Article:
- Bad head gasket: The head gasket in your engine seals the space between your engine block and the cylinder heads to allow for an air-tight combustion chamber. If the gasket breaks or wears out, coolant can leak into the combustion chamber. Such a leak will trip your coolant sensor and cause the light on your dash to turn on.
What to Do About a Low Coolant Light
As we’ve seen there are a number of potential causes for your low coolant light to go off. How you proceed will of course depend on the exact reason for it.
- The first and easiest thing for you to do is to perform a visual inspection of your coolant tank. It should have lines on the outside to mark the Max and Min fill points. If you can see that your levels are low, top it up with the appropriate coolant mix specified in your owner’s manual. Not every car uses the same kind of coolant so it's important to make sure you’ve made the right choice. You never want to use pure water unless you absolutely have no other choice, and even then, that should be a last resort to get your car moving long enough to reach a mechanic.
- When your engine is cool, check your radiator cap and the seal around it. If you find it worn or broken in any way, try replacing the cap with a new one.
- Park your car over a clean, dry surface. Whether or not you top up the coolant levels, this will allow you to help diagnose any potential coolant leaks you have. Start the car’s engine and let it warm up to a normal operating temperature. Then turn the car off and let it sit overnight. After a night of rest, move the car and inspect the ground beneath where it had been parked for any puddles or drips.
- If there is evidence of coolant on the ground, check your radiator hoses and clamps for coolant leaks. If there are any, you can replace the hoses and see if that prevents leaks and turns the low coolant light off. Make sure that, if you do see anything, it is in fact coolant. Condensation from air conditioning and other systems may also drip below your car but that is not a cause for concern.
- Check around the radiator for dampness, obvious leaks, or a white, crusty substance. This is evidence of a coolant leak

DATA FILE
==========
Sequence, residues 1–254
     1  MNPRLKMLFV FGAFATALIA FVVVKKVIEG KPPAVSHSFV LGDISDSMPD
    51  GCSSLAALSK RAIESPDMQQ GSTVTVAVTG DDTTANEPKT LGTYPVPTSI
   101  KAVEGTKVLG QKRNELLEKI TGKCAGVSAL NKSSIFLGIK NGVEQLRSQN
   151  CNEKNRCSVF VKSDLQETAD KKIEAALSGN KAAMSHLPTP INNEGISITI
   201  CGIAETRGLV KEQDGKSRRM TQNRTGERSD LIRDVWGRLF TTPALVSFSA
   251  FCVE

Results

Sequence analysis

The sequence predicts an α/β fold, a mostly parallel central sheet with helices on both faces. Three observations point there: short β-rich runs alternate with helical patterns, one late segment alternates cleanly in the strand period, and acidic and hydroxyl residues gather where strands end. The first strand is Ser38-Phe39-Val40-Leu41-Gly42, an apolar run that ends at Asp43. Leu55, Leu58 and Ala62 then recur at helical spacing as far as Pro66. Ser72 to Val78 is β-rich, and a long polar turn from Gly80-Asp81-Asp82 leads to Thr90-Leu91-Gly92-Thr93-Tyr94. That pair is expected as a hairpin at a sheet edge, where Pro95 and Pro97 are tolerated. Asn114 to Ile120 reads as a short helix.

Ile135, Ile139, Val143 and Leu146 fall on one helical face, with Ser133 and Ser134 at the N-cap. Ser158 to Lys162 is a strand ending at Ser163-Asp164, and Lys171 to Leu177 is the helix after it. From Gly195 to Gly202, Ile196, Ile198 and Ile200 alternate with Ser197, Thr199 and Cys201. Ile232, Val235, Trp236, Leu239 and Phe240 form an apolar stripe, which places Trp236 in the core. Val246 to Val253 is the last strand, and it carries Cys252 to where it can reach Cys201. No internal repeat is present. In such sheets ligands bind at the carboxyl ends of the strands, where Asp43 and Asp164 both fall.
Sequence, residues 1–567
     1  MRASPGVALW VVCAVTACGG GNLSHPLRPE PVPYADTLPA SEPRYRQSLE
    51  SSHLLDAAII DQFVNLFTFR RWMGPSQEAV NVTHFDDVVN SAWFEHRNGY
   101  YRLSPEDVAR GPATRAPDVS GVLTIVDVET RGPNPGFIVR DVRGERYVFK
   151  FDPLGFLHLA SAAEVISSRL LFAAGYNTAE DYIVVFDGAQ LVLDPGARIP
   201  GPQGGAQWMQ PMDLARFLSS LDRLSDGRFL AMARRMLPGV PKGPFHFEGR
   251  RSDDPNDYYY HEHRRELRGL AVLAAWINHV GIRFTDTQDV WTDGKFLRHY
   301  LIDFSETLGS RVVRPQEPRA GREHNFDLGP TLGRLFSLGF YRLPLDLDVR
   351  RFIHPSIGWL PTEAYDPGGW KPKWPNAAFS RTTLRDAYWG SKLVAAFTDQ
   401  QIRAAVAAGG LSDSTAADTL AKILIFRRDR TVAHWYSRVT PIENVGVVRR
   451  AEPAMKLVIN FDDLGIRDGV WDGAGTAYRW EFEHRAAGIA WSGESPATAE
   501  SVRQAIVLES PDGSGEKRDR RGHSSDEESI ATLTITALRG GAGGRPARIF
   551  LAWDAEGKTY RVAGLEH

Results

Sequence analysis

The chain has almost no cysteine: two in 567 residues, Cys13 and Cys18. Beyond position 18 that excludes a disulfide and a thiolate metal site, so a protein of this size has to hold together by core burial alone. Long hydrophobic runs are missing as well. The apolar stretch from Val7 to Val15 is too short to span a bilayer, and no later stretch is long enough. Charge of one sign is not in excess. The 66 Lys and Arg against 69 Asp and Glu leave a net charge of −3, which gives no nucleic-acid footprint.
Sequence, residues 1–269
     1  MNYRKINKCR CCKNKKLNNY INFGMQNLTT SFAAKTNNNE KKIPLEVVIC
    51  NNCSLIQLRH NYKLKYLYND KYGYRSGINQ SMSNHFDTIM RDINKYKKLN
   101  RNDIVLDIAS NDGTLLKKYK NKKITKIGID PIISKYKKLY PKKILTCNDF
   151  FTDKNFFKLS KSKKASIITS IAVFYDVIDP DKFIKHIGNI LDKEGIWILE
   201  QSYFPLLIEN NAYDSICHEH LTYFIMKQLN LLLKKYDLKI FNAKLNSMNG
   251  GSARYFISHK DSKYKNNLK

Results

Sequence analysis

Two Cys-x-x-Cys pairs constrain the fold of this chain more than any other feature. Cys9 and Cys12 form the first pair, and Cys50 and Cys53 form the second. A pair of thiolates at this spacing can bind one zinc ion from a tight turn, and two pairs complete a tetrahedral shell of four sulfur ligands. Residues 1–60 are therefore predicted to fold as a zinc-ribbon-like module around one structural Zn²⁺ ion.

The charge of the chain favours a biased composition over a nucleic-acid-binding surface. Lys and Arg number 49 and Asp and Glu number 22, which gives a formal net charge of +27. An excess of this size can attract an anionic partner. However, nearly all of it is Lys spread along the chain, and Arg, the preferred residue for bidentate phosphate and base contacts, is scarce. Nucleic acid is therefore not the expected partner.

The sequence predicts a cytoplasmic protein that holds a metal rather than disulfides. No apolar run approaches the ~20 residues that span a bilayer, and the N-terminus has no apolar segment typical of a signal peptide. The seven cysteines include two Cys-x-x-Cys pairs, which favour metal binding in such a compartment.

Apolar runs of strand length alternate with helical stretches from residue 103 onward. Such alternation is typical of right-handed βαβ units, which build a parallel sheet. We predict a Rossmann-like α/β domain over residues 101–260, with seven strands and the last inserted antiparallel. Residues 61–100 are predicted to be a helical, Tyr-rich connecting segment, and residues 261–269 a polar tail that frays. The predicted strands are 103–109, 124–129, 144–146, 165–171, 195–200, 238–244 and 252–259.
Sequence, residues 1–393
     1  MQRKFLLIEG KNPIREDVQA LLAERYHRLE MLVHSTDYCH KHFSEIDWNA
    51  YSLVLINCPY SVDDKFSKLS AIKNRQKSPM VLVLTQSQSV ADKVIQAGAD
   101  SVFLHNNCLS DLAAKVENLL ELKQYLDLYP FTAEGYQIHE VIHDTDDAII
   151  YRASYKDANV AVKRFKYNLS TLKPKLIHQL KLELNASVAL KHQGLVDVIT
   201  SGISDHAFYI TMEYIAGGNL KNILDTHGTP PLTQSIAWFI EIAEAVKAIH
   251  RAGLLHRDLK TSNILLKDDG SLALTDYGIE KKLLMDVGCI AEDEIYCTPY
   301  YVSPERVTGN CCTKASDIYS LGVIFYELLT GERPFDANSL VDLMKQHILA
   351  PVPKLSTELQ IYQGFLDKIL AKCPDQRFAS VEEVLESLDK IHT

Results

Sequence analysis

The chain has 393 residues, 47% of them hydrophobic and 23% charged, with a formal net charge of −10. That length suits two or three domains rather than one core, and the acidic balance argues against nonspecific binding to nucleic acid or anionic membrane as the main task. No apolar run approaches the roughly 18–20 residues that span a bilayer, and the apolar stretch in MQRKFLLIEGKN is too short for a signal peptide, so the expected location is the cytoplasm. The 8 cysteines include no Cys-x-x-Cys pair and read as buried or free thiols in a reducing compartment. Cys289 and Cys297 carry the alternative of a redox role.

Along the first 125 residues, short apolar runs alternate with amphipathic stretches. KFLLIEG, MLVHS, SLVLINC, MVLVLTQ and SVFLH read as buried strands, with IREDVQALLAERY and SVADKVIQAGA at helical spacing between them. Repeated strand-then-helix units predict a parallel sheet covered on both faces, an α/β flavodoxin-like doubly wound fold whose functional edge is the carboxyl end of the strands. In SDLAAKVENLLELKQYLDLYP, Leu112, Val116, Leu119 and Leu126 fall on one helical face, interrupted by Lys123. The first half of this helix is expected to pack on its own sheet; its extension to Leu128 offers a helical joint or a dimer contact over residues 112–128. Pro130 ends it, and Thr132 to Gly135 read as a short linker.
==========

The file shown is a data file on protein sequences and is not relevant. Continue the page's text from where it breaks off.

- If you’re still leaking coolant but your hoses and hose clamps are working well then you have an additional issue such as a blown gasket head, bad intake manifold gasket, or one of the other issues we detailed. If that is the case, then the problem would be much better addressed by a mechanic.
If you’re not sure what the problem is and some basic maintenance and observation are not able to help you discern why the low coolant light has come on and how to fix it, you’re going to want to head to a mechanic as soon as you can. Issues like a blown head gasket are extremely damaging to your vehicle and could completely destroy your engine if not addressed as quickly as possible.
Can I Drive With a Low Coolant Light On?
While it’s possible you can drive for a short time, and potentially a substantial period of time with the low coolant warning light illuminated on your dash, it’s in your best interests not to do so. As soon as possible you’ll want to get to a mechanic and have the problem diagnosed and fixed as soon as you can.
While a small coolant leak may not be a big problem at first, anything that causes your engine to overheat puts your vehicle at risk. The repair bills associated with fixing major problems like a blown gasket head can cost over $2,000. A blown gasket can lead to additional coolant leaks into the engine that will reduce the overall efficiency of your engine and power output. Left long enough this can cause stalling and seizing in the engine.